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Let $f:X\rightarrow Y$ be a surjective finite morphism of varieties, with $X$ normal and $Y$ smooth. Let $D\subset X$ be a divisor and $C\subset Y$ a curve. Does the equality $$C\cdot f_{*}D = f^{*}C\cdot D$$ always hold under these hypothesis?

Thank you very much.

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  • $\begingroup$ Is $D$ a Cartier divisor? $\endgroup$ – Mohan Nov 17 '20 at 17:47
  • $\begingroup$ Yes, $D$ is a Cartier divisor on $X$. $\endgroup$ – SmY Nov 17 '20 at 17:57
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Let $W = C \times_Y X$. I imagine $f^*C$ is suitably interpreted as the chow class on $W$ given by $C \cdot X$. Write $i : C \subseteq Y$, $f': W \to C$, $i' : W \to X$. (Suppose $i$ is l.c.i. so $i^!$ makes sense, or use obstruction theories. This is automatic if $C, Y$ are smooth). Then Gysin pullback and pushforward commute, so $i^! f_* [D] = f'_* i'^![D] \in A_*(C)$. This is one interpretation of your formula, but beware that $i'^!$ and $i^!$ may differ by the "excess intersection formula" if $f$ isn't flat.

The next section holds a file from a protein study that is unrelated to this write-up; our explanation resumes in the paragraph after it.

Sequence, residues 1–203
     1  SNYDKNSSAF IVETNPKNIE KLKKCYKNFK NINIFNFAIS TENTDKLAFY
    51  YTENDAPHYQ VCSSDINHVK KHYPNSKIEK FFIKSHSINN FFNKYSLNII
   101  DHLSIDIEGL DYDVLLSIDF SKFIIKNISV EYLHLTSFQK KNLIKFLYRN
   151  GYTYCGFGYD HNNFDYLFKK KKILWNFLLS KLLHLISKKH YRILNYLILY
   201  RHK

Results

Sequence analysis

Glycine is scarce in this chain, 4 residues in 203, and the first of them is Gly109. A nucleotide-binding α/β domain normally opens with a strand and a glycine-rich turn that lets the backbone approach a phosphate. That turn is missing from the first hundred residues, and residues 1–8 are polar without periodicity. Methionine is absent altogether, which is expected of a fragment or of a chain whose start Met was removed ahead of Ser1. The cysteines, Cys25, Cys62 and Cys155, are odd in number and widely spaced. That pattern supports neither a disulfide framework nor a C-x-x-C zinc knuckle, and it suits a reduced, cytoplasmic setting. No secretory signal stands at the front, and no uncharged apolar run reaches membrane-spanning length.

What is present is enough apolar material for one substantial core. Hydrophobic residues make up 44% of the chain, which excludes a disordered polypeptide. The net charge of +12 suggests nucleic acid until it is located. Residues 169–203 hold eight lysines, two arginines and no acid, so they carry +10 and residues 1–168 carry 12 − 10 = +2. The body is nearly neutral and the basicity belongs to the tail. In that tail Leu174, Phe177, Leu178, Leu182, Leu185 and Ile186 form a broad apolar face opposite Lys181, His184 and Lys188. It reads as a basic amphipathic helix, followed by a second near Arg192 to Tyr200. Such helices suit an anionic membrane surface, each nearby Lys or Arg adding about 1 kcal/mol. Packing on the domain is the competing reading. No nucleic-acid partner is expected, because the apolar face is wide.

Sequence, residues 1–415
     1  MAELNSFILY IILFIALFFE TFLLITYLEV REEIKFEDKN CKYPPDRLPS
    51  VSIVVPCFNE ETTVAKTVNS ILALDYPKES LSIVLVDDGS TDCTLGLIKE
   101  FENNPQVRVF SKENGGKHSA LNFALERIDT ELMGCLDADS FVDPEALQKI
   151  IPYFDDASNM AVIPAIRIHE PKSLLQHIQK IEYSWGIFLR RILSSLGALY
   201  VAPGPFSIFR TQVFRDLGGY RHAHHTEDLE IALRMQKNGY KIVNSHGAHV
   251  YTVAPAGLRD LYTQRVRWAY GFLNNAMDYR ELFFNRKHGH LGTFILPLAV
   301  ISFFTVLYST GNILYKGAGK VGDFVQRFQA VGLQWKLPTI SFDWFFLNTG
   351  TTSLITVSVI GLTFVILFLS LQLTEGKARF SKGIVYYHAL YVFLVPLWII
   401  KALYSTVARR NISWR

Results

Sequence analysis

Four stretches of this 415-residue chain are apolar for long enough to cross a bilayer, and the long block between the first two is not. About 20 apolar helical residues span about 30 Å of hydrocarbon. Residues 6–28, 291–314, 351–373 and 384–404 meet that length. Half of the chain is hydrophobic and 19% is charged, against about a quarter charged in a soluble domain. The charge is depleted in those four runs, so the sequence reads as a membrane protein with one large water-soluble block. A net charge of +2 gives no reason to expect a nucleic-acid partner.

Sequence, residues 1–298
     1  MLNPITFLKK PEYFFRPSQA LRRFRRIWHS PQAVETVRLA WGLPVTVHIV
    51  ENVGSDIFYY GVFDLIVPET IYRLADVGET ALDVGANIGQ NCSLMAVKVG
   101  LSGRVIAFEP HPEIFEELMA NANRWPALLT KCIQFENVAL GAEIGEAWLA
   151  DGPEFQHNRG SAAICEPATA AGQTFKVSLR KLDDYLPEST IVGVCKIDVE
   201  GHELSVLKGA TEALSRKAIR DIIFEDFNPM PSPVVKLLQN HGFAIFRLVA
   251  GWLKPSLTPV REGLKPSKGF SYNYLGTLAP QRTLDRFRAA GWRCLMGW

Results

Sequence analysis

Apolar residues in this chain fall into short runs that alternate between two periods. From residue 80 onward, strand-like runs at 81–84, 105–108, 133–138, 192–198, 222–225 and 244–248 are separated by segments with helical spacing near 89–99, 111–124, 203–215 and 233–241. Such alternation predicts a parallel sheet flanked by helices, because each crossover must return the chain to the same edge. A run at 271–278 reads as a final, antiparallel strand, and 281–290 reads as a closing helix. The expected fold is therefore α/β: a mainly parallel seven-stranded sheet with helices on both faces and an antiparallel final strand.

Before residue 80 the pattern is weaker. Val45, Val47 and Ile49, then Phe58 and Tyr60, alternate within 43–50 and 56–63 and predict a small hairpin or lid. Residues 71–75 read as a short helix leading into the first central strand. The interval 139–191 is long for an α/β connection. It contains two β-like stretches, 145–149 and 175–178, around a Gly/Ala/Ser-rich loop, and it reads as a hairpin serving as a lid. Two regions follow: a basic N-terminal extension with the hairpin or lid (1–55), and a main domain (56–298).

If you're just interested in verifying that the intersection numbers agree, those are given by pushing forward to a point.

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  • $\begingroup$ Thank you for the answer. Just a question. Where did you use that $f:X\rightarrow Y$ is finite in your argument? $\endgroup$ – SmY Nov 19 '20 at 8:50
  • $\begingroup$ I suppose the same argument works for f proper, but be careful because in that case the pushforward could just send D to zero. $\endgroup$ – Leo Herr Nov 25 '20 at 3:13

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